There's one thing that you need to understand before making your reservation for Dixie's Tupperware Party. You see, while Dixie Longate is delightfully conversational and perky girl who could probably chat you up on most any topic, this is still a Tupperware party and a girl has a job to do. Dixie started selling the clever and fantastic plastic containers in 2001 and though she's not quite made it to top earner, it's easy to see why she's a star performer in the organization.

To begin with, she's warm, inviting, and as down-to-earth and friendly as she can be. Equally comfortable poking fun at herself or her audience, Dixie starts her party off by pouring a healthy serving of Jack Daniels into that legendary never-spill sippy cup. In addition to providing all the important details about the Tupperware product line, she's quick to offer helpful, lesser-known tips, like the fact that the cupcake side of the cake carrier is perfect for Jell-O shots. 

As an attendee to her party, you're subject to, and sure to be entertained by, her constant patter, including deliciously catty commentary, suggestive and risqué humor, and wise cracks directed to certain audience members. She's never mean-spirited, and her uninformed assumptions are immediately relevant and humorous. 

Dixie's ability to improvise on the fly is flat-out impressive, an unexpected highlight of the performance. Several of the funniest party moments are in direct response to audience participation, and Dixie instantly weaves it all together with an expert touch that will likely have tears of laughter running down your face. What she did with the idea of a "water salad" the night I attended was as sharply pointed as it was spot-on hilarious.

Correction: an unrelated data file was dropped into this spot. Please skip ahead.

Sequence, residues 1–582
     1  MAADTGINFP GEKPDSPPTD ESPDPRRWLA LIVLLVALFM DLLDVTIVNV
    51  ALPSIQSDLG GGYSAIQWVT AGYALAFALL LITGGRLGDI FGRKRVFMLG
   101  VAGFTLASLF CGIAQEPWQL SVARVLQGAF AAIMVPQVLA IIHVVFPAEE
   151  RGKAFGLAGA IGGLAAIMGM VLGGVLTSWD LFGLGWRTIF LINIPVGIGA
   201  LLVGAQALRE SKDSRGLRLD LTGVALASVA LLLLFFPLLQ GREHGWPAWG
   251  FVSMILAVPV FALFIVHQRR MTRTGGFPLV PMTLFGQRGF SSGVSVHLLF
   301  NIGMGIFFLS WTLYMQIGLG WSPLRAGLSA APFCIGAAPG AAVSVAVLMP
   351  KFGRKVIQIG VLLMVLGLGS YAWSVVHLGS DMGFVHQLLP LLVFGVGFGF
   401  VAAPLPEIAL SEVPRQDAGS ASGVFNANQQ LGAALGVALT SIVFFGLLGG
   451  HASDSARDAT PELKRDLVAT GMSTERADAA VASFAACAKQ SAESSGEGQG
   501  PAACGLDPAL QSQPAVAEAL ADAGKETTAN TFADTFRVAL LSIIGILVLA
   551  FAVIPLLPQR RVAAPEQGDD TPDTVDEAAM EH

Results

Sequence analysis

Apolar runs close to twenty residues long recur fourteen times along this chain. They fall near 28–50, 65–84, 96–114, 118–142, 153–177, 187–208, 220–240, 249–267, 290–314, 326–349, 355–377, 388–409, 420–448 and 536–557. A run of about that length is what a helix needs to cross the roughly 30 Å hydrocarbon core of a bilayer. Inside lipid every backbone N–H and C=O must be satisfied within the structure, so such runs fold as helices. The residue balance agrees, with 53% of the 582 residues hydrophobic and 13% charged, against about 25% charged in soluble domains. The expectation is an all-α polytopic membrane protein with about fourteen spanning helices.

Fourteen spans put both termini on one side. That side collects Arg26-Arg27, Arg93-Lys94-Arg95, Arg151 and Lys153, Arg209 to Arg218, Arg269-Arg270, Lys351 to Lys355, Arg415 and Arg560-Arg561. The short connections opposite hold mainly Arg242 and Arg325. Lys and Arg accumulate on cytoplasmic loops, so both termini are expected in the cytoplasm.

In the sense that it's as much performance as it is plastics, Dixie's Tupperware Party is also unlike any other home sales event you've ever attended. It's boozier, bawdier, and not suitable for work, but with more of a moral to the story than you might expect. Dixie has clearly lived a full life, one that includes three kids and a stint in jail. Though the evening zips by with joke after joke, the smaller more intimate and revealing moments remind you that behind the dazzling smile, Dixie is a person filled with fears, uncertainty, and fragility just like the rest of us.

Dixie also tells us the story of Brownie Wise, the woman who single-handedly invented the in-home sales party when she decided to demonstrate and sell Tupperware products by hosting get-togethers among her friends and their friends and neighbors. It's here that Dixie's positive message really shines through and you may find your heartstrings tugged by the true admiration and fondest the big haired, brightly costumed sales girl has for a woman she never met. There's an authentic emotion that shines through when Dixie softens her voice and let's us into her personal story, and Wise fits comfortably in the mentor matriarch role.

The story of Dixie Longate, a reformed mother and Tupperware party hostess from Mobile, Alabama, was written by Kriss Anderson and directed by Patrick Richwood, who keeps things moving at a frenetic pace that perfectly suits Dixie's hyper and excitable personality. The set, a glorious folding table, overfilled with shiny plastic products, is complemented by smart use of a projection screen and emphasized with lighting and sound by Richard Winkler and Christopher K. Bond, respectively. This is Dixie's show, however, and if you're open to her charms, you'll find her entirely captivating and devastatingly funny.

Like many performers, Dixie is big, brassy, and loud, with a biting wit and sense of humor that sheds laughter on life's darker moments. She can be a little too open and bawdy for some tastes, but her ribald humor is filled with humanity and the natural grace one learns after having picked one self up numerous times. Audience participation and interaction is encouraged, and you're welcome to bring in a beverage and sip along with Dixie. Please remember, however, that this is her show and treat the invitation with respect. Running commentary with friends and taking selfies during the show are never courteous theater behavior. 

The Playhouse at Westport Plaza has reinvented itself as a home for smaller theater, often one-person and small cast touring shows delivered with professional panache and an emphasis on comedy. Dixie's Tupperware Party, running through December 18, 2016 isn't for everyone. But if you like your merchandising served with a generous helping of laughter, innuendo, and fun, you won't want to miss this show.

 

 

 

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